43 of 43 people found the following review helpful
An Interpretation of Life and Work,
This review is from: T.S. Eliot: An Imperfect Life (Paperback)
This book combines two earlier biographies of T. S. Eliot by Gordon, with the inclusion of materials that had come to light since their publication (letters, early poems, and materials relating to Eliot's relationship with his wife). Gordon's book is full of fascinating details about Eliot--an intensely private man, who attempted to hide much of his life from the public view.
Gordon's interpretation of Eliot's poems is what might be called mystical/autobiographical. The emphasis on Eliot's conversion and self-creation (from her first biographies) is still here, but a great deal more is also here about Eliot's marital problems, his relationships with women, and his opinions about minorities. The result is much more in keeping with contemporary biographical focus: Eliot is presented as a self-conflicted and flawed individual--a real man, with real problems, and a difficult life, striving for sainthood, and falling short. Gordon's respect for Eliot keeps it gossipy, but not scandal-mongering.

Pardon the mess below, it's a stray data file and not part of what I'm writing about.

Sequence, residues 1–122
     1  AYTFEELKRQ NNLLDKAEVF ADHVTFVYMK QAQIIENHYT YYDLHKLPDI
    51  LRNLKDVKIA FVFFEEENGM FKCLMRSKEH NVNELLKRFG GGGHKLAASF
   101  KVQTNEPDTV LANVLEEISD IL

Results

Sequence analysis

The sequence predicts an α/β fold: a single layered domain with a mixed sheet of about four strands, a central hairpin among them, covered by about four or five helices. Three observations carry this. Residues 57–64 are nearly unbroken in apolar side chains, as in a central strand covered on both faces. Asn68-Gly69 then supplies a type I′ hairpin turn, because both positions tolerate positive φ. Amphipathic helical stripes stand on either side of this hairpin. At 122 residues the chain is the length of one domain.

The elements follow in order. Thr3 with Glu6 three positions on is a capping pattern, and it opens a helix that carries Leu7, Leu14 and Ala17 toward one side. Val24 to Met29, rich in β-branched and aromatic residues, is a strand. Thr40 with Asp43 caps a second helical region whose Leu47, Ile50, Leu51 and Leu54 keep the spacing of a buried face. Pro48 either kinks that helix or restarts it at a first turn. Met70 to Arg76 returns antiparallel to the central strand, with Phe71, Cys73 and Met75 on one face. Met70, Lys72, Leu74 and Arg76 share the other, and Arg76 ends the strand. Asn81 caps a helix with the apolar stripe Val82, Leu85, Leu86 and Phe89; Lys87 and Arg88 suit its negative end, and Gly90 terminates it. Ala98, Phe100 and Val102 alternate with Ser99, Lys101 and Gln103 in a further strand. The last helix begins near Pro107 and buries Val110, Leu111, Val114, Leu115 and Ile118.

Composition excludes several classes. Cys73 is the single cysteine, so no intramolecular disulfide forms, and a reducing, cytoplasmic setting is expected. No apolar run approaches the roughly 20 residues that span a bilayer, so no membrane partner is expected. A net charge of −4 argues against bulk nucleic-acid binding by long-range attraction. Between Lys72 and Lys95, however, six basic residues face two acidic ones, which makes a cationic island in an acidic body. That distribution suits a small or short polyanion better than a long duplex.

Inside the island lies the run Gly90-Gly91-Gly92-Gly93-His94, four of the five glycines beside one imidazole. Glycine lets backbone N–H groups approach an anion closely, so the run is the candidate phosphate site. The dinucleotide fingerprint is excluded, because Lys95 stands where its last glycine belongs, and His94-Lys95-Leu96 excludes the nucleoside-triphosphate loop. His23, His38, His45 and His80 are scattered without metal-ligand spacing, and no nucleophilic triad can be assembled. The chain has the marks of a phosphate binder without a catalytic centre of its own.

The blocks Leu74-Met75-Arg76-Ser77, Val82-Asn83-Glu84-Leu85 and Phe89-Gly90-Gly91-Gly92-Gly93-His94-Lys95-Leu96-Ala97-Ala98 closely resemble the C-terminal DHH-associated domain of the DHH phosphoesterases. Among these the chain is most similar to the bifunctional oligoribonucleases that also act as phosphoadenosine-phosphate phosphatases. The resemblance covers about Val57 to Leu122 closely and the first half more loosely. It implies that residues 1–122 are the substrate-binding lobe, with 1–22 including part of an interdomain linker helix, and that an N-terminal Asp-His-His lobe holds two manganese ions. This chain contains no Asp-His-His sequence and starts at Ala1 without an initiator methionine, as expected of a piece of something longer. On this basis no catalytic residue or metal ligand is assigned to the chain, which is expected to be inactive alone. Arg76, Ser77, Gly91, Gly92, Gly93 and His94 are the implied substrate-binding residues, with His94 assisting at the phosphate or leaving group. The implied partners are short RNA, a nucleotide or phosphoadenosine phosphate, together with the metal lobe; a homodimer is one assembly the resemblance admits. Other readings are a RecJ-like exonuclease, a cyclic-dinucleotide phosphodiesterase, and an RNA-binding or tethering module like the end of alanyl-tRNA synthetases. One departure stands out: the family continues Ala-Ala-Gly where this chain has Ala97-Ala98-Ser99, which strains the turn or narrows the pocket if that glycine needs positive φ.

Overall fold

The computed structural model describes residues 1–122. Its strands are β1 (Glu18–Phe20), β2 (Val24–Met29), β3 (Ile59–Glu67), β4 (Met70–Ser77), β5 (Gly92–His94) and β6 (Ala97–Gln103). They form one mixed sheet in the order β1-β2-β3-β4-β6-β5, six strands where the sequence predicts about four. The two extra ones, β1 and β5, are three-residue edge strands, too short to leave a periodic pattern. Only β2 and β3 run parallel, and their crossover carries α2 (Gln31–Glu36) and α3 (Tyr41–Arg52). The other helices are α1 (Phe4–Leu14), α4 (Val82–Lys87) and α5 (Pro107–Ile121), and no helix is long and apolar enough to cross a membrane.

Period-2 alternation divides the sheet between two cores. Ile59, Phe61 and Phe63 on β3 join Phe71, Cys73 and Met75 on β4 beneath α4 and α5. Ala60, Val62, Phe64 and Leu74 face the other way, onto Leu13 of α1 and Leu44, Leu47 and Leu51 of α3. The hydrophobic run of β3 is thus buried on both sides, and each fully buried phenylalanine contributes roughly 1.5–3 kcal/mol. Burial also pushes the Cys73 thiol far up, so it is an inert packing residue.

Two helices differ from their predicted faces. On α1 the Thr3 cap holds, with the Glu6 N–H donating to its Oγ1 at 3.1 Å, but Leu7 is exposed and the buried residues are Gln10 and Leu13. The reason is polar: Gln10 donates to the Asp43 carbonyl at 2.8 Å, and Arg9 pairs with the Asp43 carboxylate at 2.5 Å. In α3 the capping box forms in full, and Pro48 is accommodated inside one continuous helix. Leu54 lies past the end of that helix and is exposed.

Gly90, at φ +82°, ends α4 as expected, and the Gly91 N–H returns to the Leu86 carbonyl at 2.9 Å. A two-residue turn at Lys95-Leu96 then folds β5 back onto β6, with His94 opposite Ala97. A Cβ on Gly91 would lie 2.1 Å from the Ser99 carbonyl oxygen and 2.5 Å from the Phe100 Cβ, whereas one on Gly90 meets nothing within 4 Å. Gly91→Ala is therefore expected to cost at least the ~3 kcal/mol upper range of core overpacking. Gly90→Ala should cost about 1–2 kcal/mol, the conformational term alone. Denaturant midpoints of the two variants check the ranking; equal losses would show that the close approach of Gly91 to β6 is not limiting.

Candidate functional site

The only flaw in Gordon's presentation and interpretations seem to be her heavy focus on Eliot's relationship with Emily Hale. Eliot kept up a correspondence with Miss Hale, and possibly harbored some romantic intentions towards her intermittantly. In Gordon's account, this relationship is the touchstone for decoding much of Eliot's poetry. Like those interpretations that seek a homosexual relationship (with Verdenal or someone else) as the real center of Eliot's poetry, I find Gordon's reading occasionally reductive. However, this biography presents much more of the puzzle that is T. S. Eliot, and is a must-read for those interested in the intersections between his life and work.